Thursday, December 22, 2011

Your best -- and worst! -- holiday party stories

Anonymous@10:48 p.m. writes:

I had to share this with your readers. I have been in the circulation business for 40 years. My two terms with Gannett total 17 of those years. I’m now at a fourth-generation family-owned newspaper. Last Saturday, we had an old-fashioned Christmas party. The editor asked me what Gannett used to do for their employees for the holidays. I had to think about it; then answer: laid people off. I hope everyone has a Merry Christmas and a Happy New Year.

Earlier: Awkward going-away parties for departing co-workers.

Tell us about your best and worst office holiday parties. Please post your replies in the comments section, below. To e-mail confidentially, write jimhopkins[at]gmail[dot-com]; see Tipsters Anonymous Policy in the rail, upper right.

[Image: NBC's The Office]


  1. Best: At The Arkansas Gazette in Little Rock, Ark., in the late 1980s, when Craig Moon was publisher. As I recall, one smashed female employee danced on a table top -- with an ice sculpture. There might have even been an open bar!

    Worst: Louisville, Ky., in the late 1990s, when The Courier-Journal opted for an alcohol-free Sunday brunch. I remember finding the publisher as quickly as possible, getting in the required face time -- followed by a fast exit.

  2. No doubt Palm Springs in the early 90's. Grand hotel, great meal, lots of drinks, great music, that team knew how to party.

  3. Nothing could beat the Reno parties. I still remember the 2005 conga line throughout the ballroom at the Nuggett!

  4. Back in the day, the Enquirer would have a sit down dinner, open bar and a real, live orchestra.

  5. 5:45, I dunno, I've made some pretty good videos over many years of the RGJ's parties. They were usually all-out. I watch them occasionally today, and it looks like a completely different company -- and not just in having actual fun, but it was more a genuinely social thing on its own without having to be pedaled to the staff, no matter how disparate..., but worse, that most everyone in these vids, enthusiastic and so loyal, really good people and good workers, are no longer there.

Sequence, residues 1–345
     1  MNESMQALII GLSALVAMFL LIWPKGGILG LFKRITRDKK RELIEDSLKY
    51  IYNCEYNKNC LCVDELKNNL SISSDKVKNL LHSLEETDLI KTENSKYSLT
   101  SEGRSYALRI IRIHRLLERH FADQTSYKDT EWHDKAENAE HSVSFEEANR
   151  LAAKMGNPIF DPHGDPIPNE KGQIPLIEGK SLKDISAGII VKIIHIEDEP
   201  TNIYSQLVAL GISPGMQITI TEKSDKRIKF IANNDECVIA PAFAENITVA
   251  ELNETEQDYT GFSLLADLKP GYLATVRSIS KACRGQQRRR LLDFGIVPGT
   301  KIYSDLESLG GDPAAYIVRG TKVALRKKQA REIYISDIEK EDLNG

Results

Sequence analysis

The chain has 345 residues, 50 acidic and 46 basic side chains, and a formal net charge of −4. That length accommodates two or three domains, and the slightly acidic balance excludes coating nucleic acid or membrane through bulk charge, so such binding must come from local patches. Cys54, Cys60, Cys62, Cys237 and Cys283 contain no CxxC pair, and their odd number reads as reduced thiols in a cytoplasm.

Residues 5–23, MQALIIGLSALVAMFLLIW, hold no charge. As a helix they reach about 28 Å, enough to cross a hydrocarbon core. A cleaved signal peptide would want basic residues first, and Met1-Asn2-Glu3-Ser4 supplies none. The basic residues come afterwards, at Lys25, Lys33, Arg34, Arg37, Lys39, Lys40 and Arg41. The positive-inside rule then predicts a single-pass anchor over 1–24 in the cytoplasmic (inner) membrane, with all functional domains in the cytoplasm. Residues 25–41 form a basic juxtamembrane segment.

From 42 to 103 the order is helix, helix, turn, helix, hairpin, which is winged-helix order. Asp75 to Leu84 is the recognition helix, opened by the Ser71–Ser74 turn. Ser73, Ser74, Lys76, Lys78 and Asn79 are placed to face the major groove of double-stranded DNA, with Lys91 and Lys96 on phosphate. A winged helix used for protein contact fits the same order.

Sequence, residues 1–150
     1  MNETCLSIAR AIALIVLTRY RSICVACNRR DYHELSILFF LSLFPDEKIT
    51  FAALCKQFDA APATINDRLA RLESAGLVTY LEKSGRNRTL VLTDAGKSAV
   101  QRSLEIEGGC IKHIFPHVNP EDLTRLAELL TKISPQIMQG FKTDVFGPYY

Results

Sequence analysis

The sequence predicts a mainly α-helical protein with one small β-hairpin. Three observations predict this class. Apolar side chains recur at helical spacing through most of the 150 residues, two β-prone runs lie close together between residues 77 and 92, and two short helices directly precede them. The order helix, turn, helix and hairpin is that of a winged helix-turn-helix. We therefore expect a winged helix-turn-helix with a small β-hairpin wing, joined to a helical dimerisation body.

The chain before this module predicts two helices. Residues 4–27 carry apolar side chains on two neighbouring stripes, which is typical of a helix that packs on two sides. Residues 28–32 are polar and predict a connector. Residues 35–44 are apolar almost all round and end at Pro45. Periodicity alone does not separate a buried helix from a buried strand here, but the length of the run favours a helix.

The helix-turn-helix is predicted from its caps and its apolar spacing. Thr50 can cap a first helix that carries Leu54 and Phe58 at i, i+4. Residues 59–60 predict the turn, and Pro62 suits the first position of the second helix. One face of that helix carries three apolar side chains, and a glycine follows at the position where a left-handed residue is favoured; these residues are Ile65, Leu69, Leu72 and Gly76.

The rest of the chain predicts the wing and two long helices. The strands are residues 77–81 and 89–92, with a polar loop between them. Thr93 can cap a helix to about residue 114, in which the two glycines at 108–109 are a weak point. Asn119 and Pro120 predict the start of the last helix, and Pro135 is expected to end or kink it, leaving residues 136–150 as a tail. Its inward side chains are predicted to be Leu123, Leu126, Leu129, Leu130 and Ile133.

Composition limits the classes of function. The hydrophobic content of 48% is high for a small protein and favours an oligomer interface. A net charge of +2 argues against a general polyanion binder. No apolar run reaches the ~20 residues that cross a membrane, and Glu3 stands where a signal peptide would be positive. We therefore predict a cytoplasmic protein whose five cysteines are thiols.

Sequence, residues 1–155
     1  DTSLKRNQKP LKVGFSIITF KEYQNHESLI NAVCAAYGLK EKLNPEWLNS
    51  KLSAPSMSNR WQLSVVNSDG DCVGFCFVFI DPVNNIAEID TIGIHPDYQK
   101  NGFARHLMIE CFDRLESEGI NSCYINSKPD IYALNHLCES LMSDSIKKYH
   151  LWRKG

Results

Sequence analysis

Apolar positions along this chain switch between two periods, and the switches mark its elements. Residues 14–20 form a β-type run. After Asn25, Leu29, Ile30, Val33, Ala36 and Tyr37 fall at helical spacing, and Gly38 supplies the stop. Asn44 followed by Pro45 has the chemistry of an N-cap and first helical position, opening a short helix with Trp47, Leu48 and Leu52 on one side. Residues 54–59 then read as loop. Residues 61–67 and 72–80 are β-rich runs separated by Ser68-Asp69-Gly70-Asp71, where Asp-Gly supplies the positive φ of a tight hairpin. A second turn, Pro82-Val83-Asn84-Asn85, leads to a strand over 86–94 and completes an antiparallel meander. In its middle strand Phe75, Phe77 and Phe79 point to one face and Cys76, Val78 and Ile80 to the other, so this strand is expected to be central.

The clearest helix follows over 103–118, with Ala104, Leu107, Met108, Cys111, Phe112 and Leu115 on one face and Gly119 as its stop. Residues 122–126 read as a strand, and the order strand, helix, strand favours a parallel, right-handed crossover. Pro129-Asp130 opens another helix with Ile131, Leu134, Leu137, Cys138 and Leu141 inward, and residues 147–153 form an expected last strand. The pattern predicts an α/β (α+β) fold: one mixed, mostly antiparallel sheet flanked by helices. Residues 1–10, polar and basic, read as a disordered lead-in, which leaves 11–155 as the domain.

6. Florida Today used to have a Christmas party for the entire paper at a nice hotel with lots of food, music and an open bar.

  7. The worst experience for me was back in December 1991.

    I was in production, freakin' night shift, and it had just switched over that past January to Macintosh computers, dropping CompuGraphic.

    As is characteristic of Gannett now, not much training then besides a sprinkling of magically imaginary pixie dust.

    But I was familiar with it -- both the little Mac platform and the clunky DOS PC, these what are now antiquated like Sanskrit today.

    Point is, big switch to new tech, no idea how to use it. The problem was how to organize the workflow.

    So, familiar with this stuff, I suggested a structure. Wrote it out. (No e-mail then.)And heard nothing back.

    This suggestion was invoked in full, specifically tailored to our workflow.

    My superior had do idea how. My manager had no idea how. But ultimately some asses, I think, were saved.

    My structure was used. Not that anyone ever came back and said thanks.

    So, here's the deal: That year, it's insisted that I attend the Xmas Party where recognition is given to productive efforts. So, I go. No one's ever insisted before. I always went and to be asked by some higher ups was unusual.

    My manager gets up to the podium, describes everything that I did, and then names someone else more in line with his redneck mindset, i.e., that kid's going to a Naval academy to work on nuclear submarines, no profession in the media, and that beat-up old hippie, he, he hates America.

    No, he TOLD me that through his gleaming white caps. Whispering in my ear. We all called him Darth.

    There at the podium, some event I'm attending having been insisted I should be there, he gives a cash award to someone else, giving him credit... when all this kid did was say to 'em, "Yeh," that I could work, and sorry he hadn't thought of it.

    True, the dude could have said something into the mic at the time, just mention my name. But nope.